On 6th April 2020, changes to IR35 are expected to bring with them a whole lot of change for the contractor community.
There’s plenty of chatter about how IR35 legislation will affect contractors and herald the end of the contractor relationship. But let me share 2 facts about it with you.
1. It’s not new. It’s been around and applicable to contractors like you since 2000 – that may be even before some of you were even born!
2. Many contractors and freelancers are likely to remain completely unaffected by this. That’s right – the 6th April will have an impact on the contractor market, but it won’t bring with it an apocalyptic tidal wave that will stop all freelancers in their tracks.
What is IR35 and what’s the panic?
For many years, people have been choosing to work as contractors, while being managed as employees. So they received equipment and a place of work from their employing organisation and benefited from a lower tax rate.
IR35 was introduced in 2000 to enable the government to claim taxes from employees who were masquerading as freelancers.
Contractors were responsible for determining whether they were in fact employees or genuinely independent contractors.
Determining the nature of the relationship was based on the actual working relationship between two parties – from how they were managed, to where they worked and how they were kitted out with equipment such as PCs, laptops and phones.
IR35 legislation (also known as Intermediaries Legislation) was applicable to all contractors in all sectors. However, with many contractors not declaring themselves to be inside IR35, the government was still missing out on millions of pounds in revenue.
In 2017, the legislation was updated. Where someone was employed by a public body, the responsibility for assessing whether an individual was an employee or a contractor was transferred to the employing organisation.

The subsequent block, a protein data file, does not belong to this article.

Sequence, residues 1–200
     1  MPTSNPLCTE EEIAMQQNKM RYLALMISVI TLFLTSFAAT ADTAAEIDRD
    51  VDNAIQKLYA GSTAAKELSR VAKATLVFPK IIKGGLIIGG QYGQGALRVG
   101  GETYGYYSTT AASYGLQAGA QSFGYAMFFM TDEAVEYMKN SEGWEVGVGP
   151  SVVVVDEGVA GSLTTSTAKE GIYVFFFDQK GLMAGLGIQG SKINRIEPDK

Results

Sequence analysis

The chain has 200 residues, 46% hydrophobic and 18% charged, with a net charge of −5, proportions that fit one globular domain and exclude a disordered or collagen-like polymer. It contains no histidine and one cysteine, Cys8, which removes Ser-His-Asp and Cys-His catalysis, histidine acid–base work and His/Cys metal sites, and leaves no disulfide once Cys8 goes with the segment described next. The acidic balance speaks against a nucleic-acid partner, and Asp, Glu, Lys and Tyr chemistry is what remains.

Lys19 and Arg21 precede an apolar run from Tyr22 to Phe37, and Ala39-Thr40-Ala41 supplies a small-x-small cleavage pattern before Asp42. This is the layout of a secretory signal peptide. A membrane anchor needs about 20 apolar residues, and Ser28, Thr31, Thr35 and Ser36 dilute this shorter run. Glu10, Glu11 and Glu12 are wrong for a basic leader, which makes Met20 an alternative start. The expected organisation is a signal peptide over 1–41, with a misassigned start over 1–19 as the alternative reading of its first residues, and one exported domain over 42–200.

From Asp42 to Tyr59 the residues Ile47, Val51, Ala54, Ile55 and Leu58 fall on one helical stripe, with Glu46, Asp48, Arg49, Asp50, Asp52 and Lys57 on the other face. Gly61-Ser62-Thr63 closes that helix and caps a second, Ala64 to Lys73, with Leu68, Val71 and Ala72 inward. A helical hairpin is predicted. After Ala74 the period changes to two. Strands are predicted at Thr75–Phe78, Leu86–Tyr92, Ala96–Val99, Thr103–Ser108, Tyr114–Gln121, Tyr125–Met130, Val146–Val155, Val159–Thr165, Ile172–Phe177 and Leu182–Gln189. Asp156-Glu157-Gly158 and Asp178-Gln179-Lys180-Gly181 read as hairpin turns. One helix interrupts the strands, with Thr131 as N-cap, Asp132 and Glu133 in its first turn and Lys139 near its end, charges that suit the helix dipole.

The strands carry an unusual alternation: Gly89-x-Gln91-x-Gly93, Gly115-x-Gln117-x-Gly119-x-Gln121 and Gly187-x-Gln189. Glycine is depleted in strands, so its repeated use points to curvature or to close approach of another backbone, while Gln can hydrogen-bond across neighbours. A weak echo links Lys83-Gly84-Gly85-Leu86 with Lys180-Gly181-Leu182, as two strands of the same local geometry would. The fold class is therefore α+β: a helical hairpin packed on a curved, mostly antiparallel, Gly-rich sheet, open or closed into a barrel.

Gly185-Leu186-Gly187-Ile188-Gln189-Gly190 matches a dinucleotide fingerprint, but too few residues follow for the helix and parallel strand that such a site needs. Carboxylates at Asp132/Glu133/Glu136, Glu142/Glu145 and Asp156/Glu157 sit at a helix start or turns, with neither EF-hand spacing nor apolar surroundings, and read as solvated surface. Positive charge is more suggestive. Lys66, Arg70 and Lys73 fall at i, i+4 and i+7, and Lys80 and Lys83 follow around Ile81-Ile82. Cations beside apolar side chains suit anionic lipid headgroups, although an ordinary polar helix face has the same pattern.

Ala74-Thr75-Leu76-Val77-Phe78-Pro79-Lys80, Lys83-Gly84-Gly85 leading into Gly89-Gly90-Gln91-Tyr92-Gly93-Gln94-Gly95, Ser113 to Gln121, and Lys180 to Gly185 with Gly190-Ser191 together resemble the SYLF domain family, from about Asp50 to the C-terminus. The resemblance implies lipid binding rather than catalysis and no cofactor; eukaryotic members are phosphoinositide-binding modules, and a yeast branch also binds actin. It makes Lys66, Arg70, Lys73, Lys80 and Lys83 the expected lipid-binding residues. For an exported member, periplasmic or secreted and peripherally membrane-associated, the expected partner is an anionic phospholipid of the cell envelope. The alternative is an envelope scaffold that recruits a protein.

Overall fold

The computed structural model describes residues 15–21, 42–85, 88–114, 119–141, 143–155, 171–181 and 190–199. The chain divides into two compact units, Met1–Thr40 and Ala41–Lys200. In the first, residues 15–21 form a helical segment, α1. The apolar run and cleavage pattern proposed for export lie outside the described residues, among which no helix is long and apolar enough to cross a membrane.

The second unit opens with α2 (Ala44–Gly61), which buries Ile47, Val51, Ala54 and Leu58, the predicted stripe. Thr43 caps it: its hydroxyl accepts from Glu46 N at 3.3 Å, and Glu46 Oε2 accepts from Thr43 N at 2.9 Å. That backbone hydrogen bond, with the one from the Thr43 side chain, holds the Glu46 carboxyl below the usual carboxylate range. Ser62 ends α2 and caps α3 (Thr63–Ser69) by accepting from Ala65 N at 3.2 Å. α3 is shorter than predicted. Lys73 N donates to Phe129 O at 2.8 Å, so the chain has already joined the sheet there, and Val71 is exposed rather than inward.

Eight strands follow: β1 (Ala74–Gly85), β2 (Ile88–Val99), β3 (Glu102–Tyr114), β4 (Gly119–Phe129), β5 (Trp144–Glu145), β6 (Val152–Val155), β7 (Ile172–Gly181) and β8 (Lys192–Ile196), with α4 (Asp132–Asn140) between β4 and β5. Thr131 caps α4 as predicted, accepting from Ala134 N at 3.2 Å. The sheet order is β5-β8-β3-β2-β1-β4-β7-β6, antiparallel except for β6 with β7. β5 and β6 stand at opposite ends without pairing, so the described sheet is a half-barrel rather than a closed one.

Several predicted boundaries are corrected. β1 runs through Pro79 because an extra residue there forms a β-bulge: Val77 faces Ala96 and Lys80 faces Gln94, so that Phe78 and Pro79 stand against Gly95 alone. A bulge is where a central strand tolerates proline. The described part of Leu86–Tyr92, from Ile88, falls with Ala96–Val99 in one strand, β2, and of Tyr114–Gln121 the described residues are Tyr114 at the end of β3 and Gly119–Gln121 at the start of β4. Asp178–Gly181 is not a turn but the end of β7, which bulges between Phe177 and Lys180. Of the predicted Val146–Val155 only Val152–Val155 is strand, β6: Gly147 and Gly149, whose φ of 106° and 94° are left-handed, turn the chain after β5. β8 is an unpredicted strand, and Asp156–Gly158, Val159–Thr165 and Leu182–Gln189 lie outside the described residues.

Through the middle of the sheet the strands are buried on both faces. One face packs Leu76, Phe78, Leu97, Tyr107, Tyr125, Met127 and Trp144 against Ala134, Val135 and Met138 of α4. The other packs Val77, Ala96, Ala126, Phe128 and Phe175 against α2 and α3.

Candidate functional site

As of the 6th April this year, this transfer of responsibility for determining whether a contractor falls inside or outside of IR35 also moves to employing bodies in the private sector.
What does IR35 mean to a freelancer?
Contractors and freelancers have always needed to be mindful about whether their contract falls inside IR35. However, from April 6th, the assessment will be carried out by the employer to determine whether a contract is really representative of a contractor or an employee relationship.
If you are assessed to be an employee, you’ll be subject to NI and tax deductions taken from your pay. You’ll be entitled to other employment benefits such as sick pay, career development opportunities, company pension contributions and holidays, but you’re likely to end up with fewer pennies in your pocket at the end of the day.
Some organisations with deeper pockets are boosting day rates to minimise the impact on contractors, but many companies don’t have the capacity to do this, which means it’ll be contractors that miss out.
However, don’t go rushing for your employment contract just yet. It’s quite possible that your contract won’t fall within the IR35 legislation.
Who’s exempt from IR35?
If end-client is considered a small or medium company your contract won’t fall within IR35. The Companies Act 2006 defines these companies as having:
- an annual turnover of less than £10.2 million
- a balance sheet total of less than £5.1 million
- fewer than 50 employees.
If the company you contract for doesn’t meet two of these criteria, the question of whether IR35 should apply gets a little more complicated.